Fly fish regulations to unlock ‘millions’

By Natario Mckenzie

Tribune Business Reporter


The controversial fly fishing regulations will ultimately drive hundreds of millions of dollars through the Bahamian economy, the industry association’s president yesterday questioning why there was such vocal opposition to local ownership.

Prescott Smith, the Bahamas Fly Fishing Industry Associaion (BFFIA) chief, addressing the fourth annual Andros Business Outlook conference, said the proposed regulations were about more than 400 bonefishing guides obtaining a license.

“This legislation is not just about 400 guides getting a license. It means that with this document passing through Cabinet, hundreds of millions of dollars will begin flowing through the economy that will benefit every single Bahamian, including many that are opposed to it,” said Mr Smith.

“There is so much opposition to this, and that should be a concern, because if it is our number one industry then people should not be opposed to local people being owners of that industry.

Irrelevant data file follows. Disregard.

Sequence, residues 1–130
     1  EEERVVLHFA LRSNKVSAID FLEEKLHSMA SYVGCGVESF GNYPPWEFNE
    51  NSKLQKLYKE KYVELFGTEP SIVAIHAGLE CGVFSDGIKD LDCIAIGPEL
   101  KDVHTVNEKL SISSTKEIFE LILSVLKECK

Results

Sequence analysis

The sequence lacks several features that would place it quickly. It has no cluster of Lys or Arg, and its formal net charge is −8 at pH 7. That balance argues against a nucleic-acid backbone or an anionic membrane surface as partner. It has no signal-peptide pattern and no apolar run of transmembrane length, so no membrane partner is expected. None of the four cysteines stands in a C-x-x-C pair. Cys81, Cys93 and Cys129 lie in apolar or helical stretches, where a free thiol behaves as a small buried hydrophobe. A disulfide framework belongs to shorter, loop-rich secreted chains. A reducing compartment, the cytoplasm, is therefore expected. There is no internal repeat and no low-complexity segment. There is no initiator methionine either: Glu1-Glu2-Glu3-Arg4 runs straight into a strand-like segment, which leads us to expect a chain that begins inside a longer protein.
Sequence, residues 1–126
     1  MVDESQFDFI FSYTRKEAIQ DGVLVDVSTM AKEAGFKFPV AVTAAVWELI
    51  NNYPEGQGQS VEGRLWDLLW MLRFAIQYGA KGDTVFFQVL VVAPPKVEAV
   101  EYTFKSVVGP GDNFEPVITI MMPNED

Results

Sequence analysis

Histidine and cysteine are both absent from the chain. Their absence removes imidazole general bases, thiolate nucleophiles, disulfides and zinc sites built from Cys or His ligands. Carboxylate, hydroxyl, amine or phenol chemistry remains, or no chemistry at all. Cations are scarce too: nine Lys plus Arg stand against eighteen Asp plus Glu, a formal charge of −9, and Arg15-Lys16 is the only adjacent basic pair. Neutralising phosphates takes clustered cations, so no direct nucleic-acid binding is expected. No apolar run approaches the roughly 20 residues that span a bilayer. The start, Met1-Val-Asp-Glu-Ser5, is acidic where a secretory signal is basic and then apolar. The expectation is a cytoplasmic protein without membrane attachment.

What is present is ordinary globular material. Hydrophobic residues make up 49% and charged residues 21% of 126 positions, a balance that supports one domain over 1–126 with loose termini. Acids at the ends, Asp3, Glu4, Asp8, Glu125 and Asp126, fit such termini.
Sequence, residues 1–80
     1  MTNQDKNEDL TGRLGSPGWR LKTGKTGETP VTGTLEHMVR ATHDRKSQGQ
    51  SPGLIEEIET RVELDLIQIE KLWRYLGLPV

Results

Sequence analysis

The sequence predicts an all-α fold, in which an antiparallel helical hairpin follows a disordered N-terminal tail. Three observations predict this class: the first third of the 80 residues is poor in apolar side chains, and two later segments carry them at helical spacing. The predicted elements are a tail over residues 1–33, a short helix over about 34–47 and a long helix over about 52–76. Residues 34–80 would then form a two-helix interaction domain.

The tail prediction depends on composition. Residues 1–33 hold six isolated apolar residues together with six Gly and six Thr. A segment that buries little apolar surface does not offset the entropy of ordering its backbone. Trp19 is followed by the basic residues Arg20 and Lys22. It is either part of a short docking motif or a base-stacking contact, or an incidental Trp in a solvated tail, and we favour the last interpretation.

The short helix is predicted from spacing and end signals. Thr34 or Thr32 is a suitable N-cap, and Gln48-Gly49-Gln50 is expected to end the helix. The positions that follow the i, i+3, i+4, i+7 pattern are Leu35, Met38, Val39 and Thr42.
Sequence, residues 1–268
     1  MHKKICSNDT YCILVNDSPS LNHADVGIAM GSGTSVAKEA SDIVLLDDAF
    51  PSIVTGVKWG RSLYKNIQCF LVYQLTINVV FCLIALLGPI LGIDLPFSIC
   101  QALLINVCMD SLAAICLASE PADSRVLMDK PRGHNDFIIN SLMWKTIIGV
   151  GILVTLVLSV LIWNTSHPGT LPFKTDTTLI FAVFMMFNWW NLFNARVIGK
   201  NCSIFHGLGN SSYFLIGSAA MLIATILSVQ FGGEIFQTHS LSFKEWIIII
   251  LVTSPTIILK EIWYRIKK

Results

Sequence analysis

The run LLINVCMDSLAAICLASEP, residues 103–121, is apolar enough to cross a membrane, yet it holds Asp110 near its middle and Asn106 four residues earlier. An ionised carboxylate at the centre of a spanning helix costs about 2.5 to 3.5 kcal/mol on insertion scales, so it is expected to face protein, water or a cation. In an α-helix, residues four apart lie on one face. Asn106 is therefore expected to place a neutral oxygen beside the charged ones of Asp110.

“It should be something that is celebrated and encouraged. This legislation is important to every single Bahamian in this country. It is the first in our country’s history. This is about local people being owners in our number one industry,” Mr Smith added.

The Fisheries Resources (Jurisdiction and Conservation) (Amendment) Bill 2015, and the Fisheries Resources (Jurisdiction and Conservation) (Flats Fishing) Regulations 2015, introduce a number of changes designed to create a supervisory framework for flats fishing in the Bahamas.

This involves a set of new permit fees and stricter distinctions for foreign fishermen and foreign-­owned bone fishing lodges. Concerns over the new regulations centre on the proposed requirement that all visiting fly fishermen, even experts coming to the Bahamas for decades, hire a local guide at a cost of $600 per day.

While sensitive to the need to protect Bahamian fishing guides from foreigners who come in and establish themselves in business illegally, the tourism sector is concerned that the ‘local guide stipulation’ and other proposed fees will make this nation further uncompetitive on price and encourage anglers to head to rival destinations.